I am not one that buys into the left/right dichotomy paradigm of political philosophies but I will use the terms if it helps to get a message across.
A few weeks ago there was a bit of debate about what the “Left” represent and it was well addressed across the blogosphere.
What I thought I would do is have a look at one of the sides that supposedly fits on the “Right”. It is a fairly positive evaluation of one half of the Right’s constituency.
Written Late 2006
There has been a bit of a Libertarian Stoush going on around the place.
I must say I value many civil liberties but I also find aspects of the Libertarian philosophy repugnant.
Unlike others I don’t claim to be an academic or a variation of an elitist and I have not read monumental amounts of Liberal works.
That said, this is the best evaluation in support of Libertarianism I have ever read:
I evaluate the benefits of libertarianism through the notion of the Kantian ethical framework. This relies on individual autonomy as the greatest good, and the assertion of our humanity and individuality as categorical imperatives of the individual. From this, the role of the government must always be to support individual autonomy.
The way it can do that is by allowing individuals to essentially be free to act in their own accord, and solving collective action problems which threaten autonomy but otherwise cannot be solved by individuals. These collective action problems fall into one of three categories: life, liberty, or economic.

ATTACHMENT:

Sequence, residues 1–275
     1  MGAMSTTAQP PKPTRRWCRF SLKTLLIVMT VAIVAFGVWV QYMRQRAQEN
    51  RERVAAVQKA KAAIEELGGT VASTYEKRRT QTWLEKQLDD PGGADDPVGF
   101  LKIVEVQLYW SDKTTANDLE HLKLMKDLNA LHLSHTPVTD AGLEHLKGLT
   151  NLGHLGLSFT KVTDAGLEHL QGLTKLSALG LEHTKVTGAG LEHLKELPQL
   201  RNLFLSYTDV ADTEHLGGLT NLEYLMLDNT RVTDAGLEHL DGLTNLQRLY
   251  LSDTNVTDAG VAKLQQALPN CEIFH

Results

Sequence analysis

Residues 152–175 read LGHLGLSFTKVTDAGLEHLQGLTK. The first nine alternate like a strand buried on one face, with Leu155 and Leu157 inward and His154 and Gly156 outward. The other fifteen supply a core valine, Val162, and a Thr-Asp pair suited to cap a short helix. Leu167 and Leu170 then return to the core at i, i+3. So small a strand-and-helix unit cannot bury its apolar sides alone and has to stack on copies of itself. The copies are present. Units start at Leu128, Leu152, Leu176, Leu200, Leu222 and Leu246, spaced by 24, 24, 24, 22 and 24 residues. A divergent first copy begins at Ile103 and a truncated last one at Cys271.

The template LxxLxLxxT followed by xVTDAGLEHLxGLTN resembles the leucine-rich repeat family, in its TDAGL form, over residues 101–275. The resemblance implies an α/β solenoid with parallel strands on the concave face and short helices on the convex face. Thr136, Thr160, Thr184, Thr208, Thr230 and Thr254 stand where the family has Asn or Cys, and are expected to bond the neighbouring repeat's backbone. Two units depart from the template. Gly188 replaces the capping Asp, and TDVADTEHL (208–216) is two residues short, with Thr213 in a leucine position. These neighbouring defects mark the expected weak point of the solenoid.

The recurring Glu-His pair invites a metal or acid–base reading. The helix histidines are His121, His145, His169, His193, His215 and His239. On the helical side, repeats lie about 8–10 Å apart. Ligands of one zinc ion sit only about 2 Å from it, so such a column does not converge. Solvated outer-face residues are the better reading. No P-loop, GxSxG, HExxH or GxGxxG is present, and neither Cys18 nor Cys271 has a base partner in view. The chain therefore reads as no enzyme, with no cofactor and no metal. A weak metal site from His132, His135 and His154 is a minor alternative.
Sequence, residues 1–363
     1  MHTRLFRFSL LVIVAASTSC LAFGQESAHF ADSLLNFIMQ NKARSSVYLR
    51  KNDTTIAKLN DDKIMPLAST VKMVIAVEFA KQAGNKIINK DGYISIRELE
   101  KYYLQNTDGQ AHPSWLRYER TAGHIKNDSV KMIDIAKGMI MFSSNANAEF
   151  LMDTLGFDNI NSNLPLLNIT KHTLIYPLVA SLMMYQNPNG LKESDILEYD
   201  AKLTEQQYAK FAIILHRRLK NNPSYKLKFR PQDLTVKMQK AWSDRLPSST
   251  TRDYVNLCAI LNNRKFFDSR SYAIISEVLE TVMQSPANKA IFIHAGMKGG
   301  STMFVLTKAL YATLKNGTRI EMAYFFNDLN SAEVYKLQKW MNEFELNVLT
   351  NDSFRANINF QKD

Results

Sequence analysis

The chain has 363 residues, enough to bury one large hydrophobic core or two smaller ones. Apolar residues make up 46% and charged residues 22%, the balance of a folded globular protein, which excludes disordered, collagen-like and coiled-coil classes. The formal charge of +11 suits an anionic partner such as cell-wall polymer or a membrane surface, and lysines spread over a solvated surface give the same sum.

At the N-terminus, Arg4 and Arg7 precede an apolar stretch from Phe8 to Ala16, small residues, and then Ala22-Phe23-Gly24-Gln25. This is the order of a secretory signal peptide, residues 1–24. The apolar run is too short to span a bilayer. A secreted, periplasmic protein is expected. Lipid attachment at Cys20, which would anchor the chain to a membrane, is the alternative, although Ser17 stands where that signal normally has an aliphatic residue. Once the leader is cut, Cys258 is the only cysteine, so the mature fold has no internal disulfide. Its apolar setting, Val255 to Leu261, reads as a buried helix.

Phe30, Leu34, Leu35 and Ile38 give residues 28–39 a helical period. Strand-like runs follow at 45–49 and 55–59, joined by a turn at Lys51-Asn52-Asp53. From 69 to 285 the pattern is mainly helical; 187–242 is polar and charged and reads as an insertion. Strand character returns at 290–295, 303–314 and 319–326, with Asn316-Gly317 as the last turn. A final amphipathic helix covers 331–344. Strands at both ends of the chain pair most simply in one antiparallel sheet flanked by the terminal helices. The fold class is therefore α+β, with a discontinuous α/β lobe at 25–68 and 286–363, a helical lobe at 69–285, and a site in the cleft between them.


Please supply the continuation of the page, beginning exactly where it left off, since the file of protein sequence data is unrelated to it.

The first category is life. There are sets of circumstances in which the life of a member of a society is threatened, the individual cannot protect his or herself, and the value of autonomy (which relies on life and existence) is threatened. This collective action problem can be solved by government, usually by raising an army. In this case, the government can act to protect life, which protects autonomy.
The second category is liberty. Again, there are sets of circumstance in which the liberty of a member of a society is threatened, the individual cannot protect his or her liberty, and the value of autonomy (which relies on our ability to do as we please) is threatened. Again, this collective action problem can be solved by government, usually by creating and enforcing laws that guarantee liberty. In this case, the government can act to protect liberty, which can protect autonomy.
Finally, the third category is economics. There are sets of circumstances in which the functioning of an economy is threatened, the problem cannot be fixed by the individual, and the value of autonomy (which relies on a successfully working free market) is threatened. This collective action problem can be solved by the government, usually by breaking up monopolies and ensuring fair competition practices. In this case, the government can act to regulate markets, which can protect autonomy.
These are the benefits of libertarianism, and supported through the Kantian ethical framework, I hold that the protection of individual autonomy is the greatest good and cannot be sacrificed, no matter the cost. Anything that upholds individual autonomy is acceptable; anything that does not is not acceptable.